Matthews explained, “Coming on the heels of some pretty awful headlines, it is good news for the Lugar campaign that he is up, but more important than the spread or the challenger’s percentage is that the incumbent’s number at 42% is not a good number.”
As for the undecided voters, Yang observed, “I think they are pausing. They are deciding not to vote for Richard Lugar. The undecideds are on their way to voting for Richard Mourdock - they just don’t know him. The good news for Lugar is he has time to turn things around.”
Conventional wisdom is that undecideds tend to break to the challenger about 3-to-1, meaning Mourdock must pull about 65% of them to go over the top.
The silver lining for Lugar, who is facing an onslaught of special interest money on behalf of Mourdock from the National Rifle Association, Club for Growth and FreedomWorks, is that in a head-to-head matchup with Donnelly among general election voters, Lugar leads 50-29%. In a head-to-head between Mourdock and Donnelly, the race is tied at 35%.
Donnelly’s fav/iunfavs stood at 14/9%, with 53% having never heard of him and another 24% had heard of him but have no opinion.
Asked whether they approved or disapproved that in 2008, the federal government lent $80 billion to Chrysler and General Motors to prevent the companies from going bankrupt, 51% of the general election approved and 44% disapproved. Among independent men, by a 69-30 margin they approved of the auto rescue. The significance of this data is that Treasurer Mourdock tried to prevent the Chrysler/Fiat merger in a lawsuit that was eventually rejected being heard by the U.S. Supreme Court. Donnelly had been an ardent proponent of the auto rescue, saying it would save tens of thousands of Hoosier auto industry jobs.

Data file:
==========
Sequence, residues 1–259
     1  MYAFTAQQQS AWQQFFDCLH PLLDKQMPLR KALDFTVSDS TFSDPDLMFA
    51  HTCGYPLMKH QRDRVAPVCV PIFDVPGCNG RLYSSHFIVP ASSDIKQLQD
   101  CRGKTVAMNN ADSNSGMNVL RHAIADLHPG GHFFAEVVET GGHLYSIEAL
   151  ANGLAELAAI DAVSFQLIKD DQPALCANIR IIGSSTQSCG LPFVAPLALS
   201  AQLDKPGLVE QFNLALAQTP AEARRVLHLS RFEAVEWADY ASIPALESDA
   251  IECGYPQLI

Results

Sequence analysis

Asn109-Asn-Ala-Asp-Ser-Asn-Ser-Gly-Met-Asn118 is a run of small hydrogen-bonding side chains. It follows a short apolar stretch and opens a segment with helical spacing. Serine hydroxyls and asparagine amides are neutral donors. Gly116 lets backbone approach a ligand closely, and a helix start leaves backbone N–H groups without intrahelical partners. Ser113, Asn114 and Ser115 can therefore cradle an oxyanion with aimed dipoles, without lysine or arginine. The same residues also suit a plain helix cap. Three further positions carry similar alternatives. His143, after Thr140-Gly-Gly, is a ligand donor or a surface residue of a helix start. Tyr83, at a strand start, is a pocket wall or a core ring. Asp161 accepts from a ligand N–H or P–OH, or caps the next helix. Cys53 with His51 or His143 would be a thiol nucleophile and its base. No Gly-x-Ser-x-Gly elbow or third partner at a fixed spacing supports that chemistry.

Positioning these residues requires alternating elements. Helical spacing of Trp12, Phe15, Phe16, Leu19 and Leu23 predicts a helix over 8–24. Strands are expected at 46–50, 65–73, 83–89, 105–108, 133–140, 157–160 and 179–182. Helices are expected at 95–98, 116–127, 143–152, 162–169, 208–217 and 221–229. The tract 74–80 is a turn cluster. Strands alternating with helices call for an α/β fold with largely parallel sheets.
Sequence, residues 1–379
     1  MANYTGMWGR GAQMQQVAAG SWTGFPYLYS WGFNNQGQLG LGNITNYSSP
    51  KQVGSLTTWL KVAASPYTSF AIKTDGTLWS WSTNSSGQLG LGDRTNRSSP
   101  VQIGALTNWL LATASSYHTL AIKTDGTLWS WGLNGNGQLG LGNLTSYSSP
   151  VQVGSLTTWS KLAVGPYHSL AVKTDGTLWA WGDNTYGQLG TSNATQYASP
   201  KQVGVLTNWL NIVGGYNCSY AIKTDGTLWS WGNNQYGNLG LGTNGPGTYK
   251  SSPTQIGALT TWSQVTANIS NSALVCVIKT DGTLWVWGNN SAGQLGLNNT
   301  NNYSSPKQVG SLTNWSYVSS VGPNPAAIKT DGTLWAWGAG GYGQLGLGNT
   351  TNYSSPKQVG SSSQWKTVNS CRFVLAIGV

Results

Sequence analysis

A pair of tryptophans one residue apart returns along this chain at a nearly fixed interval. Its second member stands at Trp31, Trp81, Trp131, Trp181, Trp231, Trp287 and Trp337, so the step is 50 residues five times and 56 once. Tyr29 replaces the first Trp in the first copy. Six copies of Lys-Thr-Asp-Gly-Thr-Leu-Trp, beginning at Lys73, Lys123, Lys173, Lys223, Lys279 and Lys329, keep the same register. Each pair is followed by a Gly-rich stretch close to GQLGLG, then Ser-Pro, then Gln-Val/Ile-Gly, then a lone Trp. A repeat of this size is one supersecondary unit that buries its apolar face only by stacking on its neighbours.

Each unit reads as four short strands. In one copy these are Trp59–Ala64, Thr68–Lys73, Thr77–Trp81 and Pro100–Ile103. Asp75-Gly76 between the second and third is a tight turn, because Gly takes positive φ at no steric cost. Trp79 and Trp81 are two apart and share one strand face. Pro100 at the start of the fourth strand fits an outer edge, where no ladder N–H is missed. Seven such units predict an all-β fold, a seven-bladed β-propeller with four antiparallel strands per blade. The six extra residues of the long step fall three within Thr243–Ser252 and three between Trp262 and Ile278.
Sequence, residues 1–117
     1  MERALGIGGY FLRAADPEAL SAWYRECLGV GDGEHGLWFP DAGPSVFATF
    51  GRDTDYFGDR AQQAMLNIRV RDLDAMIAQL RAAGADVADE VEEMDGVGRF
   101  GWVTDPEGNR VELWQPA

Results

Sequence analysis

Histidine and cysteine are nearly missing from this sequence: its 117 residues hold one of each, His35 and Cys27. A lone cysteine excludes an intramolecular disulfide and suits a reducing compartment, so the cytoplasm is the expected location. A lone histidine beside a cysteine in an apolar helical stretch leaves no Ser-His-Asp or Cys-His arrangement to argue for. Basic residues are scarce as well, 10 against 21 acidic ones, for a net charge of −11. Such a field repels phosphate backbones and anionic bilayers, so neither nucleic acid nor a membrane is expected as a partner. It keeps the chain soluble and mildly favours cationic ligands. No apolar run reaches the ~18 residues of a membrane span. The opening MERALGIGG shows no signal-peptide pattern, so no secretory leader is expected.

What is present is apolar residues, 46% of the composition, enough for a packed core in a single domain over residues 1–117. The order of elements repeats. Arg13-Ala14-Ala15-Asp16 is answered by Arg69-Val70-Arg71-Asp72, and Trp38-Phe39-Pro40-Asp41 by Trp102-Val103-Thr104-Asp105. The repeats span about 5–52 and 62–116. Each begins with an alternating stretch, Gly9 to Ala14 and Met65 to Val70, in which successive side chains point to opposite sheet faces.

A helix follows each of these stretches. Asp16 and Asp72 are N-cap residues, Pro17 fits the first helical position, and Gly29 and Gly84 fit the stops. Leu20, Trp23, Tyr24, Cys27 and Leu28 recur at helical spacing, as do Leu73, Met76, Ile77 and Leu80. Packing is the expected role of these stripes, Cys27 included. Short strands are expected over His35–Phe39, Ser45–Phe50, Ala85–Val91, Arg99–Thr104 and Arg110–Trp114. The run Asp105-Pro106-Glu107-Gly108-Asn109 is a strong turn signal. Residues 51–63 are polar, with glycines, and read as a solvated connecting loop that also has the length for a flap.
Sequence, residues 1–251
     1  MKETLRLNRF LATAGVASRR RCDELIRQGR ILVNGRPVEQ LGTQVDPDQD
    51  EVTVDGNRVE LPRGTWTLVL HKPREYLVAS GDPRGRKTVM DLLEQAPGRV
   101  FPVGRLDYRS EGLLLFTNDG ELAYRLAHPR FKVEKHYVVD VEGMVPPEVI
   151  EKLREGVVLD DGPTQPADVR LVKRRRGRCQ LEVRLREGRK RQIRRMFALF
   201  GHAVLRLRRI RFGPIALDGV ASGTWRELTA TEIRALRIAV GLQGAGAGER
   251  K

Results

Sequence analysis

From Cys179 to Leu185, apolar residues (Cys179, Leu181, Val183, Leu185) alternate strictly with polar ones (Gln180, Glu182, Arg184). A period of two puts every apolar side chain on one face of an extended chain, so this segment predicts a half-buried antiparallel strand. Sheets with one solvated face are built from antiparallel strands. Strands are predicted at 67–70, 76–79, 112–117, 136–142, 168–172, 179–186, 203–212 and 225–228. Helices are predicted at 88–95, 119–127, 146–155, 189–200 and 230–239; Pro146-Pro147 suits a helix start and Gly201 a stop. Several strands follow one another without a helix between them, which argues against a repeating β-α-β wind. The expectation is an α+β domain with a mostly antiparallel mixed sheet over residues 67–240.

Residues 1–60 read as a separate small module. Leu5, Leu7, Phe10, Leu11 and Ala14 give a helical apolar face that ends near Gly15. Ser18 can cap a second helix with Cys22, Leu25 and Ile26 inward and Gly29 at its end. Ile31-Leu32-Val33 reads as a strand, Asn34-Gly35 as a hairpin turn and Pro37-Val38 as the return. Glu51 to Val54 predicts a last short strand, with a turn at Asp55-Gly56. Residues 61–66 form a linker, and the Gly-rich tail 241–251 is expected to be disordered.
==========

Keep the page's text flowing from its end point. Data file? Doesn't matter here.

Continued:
Pollster Matthews explained, “The fact is, if Lugar comes out of the primary, he’s in good shape in the general.” The problem is that Republican primary voters tend not to respond to an electability argument when what they are looking for is purity and an ideological pit pull to stand their ground.
In 2010, Tea Party candidates Sharron Angle in Nevada and Christine O’Donnell in Delaware won upset victories in closed primaries, then lost to Democrats in the fall, depriving the GOP a Senate majority.
Mourdock has never aired the traditional bio ad. Instead, he uses phrases like “it’s time” for Lugar to retire. “The race is a referendum on Lugar,” Matthews said. “That’s how they are playing it. It used to be you can’t replace someone with no one, but you can today.”
Matthews cautioned that it is too early to write Lugar off. Lugar is leading by 20% among independents. He is carrying Indianapolis by a huge margin, but isn’t as strong in the so-called doughnut counties surrounding Indianapolis as one might have assumed. His numbers in Southern Indiana aren’t as bad as the pollsters anticipated. The Lugar campaign hierarchy has recognized for almost two years that it must draw independent and even some Democrats into the GOP primary. If the campaign can do that, Lugar has a path to victory.
Another element is the endorsement of Gov. Mitch Daniels, who has a 63% approval rating (and 31% disapproving) from general election voters and an 86% approval from Republicans, according to Howey/DePauw. At a February fundraiser in Carmel, Daniels said of Lugar, “Indiana continues to be blessed by one of the greatest public servants not of our modern times, not of our state’s history, but in American history – and it’s not stretching the point. Dick Lugar is genuinely a great American as reflected in decades of spectacular service.”